By Jerome Taylor and Su Xinqi | AFP
ON THE WEB, 28 February 2021
Dozens of Hong Kong dissidents were charged with subversion on Sunday in the largest use yet of Beijing’s sweeping new national security law, as authorities seek to cripple the finance hub’s democracy movement.
Police arrested 55 of the city’s best-known pro-democracy campaigners in a series of dawn raids last month.
On Sunday, 47 were charged with one count each of “conspiracy to commit subversion” — one of the new national security crimes — with police saying the group would appear in court on Monday morning.
Democracy supporters described the move as a body blow.
“Every prominent voice of the pro-democracy movement in Hong Kong now is either jailed, in exile, or charged for subversion of state power,” activist Sophie Mak wrote on Twitter.
The European Union’s office in Hong Kong said the charges were of “great concern”.
“The nature of these charges makes clear that legitimate political pluralism will no longer be tolerated in Hong Kong,” the office added.
Beijing is battling to stamp out dissent in semi-autonomous Hong Kong after swathes of the population hit the streets in 2019 in huge and sometimes violent democracy protests.
The broadly worded security law, imposed on the city last June, criminalises any act deemed to be subversion, secession, terrorism or collusion with foreign forces.
Those charged are routinely denied bail until trial and face up to life in prison if convicted.
The activists charged on Sunday represent a broad cross-section of Hong Kong’s opposition, from veteran former pro-democracy lawmakers to academics, lawyers, social workers and a host of youth activists.
Joshua Wong, one of the city’s most recognisable pro-democracy figures, was among those charged, visited by police inside prison where he is currently serving a sentence for organising protests in 2019.
John Clancey, an American lawyer and long-time Hong Kong resident who was with the initial group arrested, was one of the few not charged on Sunday.
Many struck a defiant tone as they prepared to report to police on Sunday to hear the charges.
“Democracy is never a gift from heaven. It must be earned by many with strong will,” Jimmy Sham, a key organiser of 2019’s huge protests, told reporters outside a police station.
“We can tell the whole world, under the most painful system, Hong Kongers are the light of the city. We will remain strong and fight for what we want,” he added.
Former student leader Lester Shum said: “We have long decided not to bow our heads to totalitarian rule. I hope Hong Kong people can carry on with this decision.”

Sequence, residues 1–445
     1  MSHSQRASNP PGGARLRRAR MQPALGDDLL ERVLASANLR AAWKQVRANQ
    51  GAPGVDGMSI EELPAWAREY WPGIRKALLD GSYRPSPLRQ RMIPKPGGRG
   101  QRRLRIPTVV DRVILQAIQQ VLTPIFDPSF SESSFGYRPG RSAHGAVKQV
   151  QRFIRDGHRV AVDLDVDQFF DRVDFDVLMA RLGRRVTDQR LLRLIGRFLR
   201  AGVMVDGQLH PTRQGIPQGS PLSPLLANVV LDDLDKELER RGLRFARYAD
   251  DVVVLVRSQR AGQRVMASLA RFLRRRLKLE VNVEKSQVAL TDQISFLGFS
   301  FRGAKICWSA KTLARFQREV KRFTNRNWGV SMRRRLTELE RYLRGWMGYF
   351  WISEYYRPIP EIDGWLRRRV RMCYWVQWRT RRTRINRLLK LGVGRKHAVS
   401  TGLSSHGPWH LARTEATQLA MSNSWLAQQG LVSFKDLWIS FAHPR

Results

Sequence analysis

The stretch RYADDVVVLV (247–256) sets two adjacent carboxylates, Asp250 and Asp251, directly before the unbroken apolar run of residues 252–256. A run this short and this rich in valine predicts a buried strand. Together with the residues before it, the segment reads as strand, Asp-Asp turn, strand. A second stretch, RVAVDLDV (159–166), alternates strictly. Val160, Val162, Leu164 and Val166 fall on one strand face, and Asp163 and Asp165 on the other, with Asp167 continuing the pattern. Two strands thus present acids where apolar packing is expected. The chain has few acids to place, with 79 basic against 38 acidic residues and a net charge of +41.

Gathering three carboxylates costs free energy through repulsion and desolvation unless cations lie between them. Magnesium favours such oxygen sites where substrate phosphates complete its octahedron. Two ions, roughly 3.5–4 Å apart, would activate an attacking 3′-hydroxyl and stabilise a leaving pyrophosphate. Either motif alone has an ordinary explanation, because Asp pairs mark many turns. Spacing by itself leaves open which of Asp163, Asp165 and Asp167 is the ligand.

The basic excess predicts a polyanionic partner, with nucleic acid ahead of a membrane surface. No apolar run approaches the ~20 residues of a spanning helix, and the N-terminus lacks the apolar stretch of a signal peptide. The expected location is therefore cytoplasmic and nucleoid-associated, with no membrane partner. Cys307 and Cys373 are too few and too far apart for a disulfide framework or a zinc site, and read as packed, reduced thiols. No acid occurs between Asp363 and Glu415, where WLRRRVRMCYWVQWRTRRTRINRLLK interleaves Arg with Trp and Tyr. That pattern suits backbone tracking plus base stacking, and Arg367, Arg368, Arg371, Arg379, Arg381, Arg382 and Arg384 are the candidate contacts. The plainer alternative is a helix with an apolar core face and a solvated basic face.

The alleged offence of those arrested for subversion was to organise an unofficial primary last summer to choose candidates for the city’s partially elected legislature, in hopes that the pro-democracy bloc might take a majority for the first time.
Many of those candidates were ultimately disqualified from standing, and authorities scrapped the election because of the coronavirus.
But Chinese and Hong Kong officials viewed the primary as an attempt to “overthrow” and “paralyse” the city’s government and therefore a threat to national security.
Only patriots allowed
Critics say that declaration has effectively made opposition politics in Hong Kong all but illegal.
Clifford Stott, a British academic who was hired by Hong Kong’s government to sit on a short-lived advisory panel to the city’s police watchdog after the protests, gave a stark assessment of Sunday’s charges.
“The day participation in the democratic process became a crime,” he wrote on Twitter.
Hong Kong has never been a democracy — something that has fuelled protests and resentment towards Beijing.
But until recently, the city had a measure of choice that allowed a small and vocal opposition to flourish at certain local elections.
After 2019’s protests, China has sought to ensure only “staunch patriots” be allowed to run Hong Kong, with some lawmakers and candidates increasingly disqualified for their views.
On Tuesday authorities also unveiled a new law that will vet the political views of all public office holders.
Western nations have accused Beijing of using its crackdown to shred the freedoms that were promised under the “One Country, Two Systems” setup when the former British colony was returned to China.
After last month’s arrests the UN’s rights watchdog said the sweep confirmed fears the security law was “being used to detain individuals for exercising legitimate rights to participate in political and public life”.
Beijing, which promised the security law would target only an “extreme minority”, said the legislation was needed to restore stability.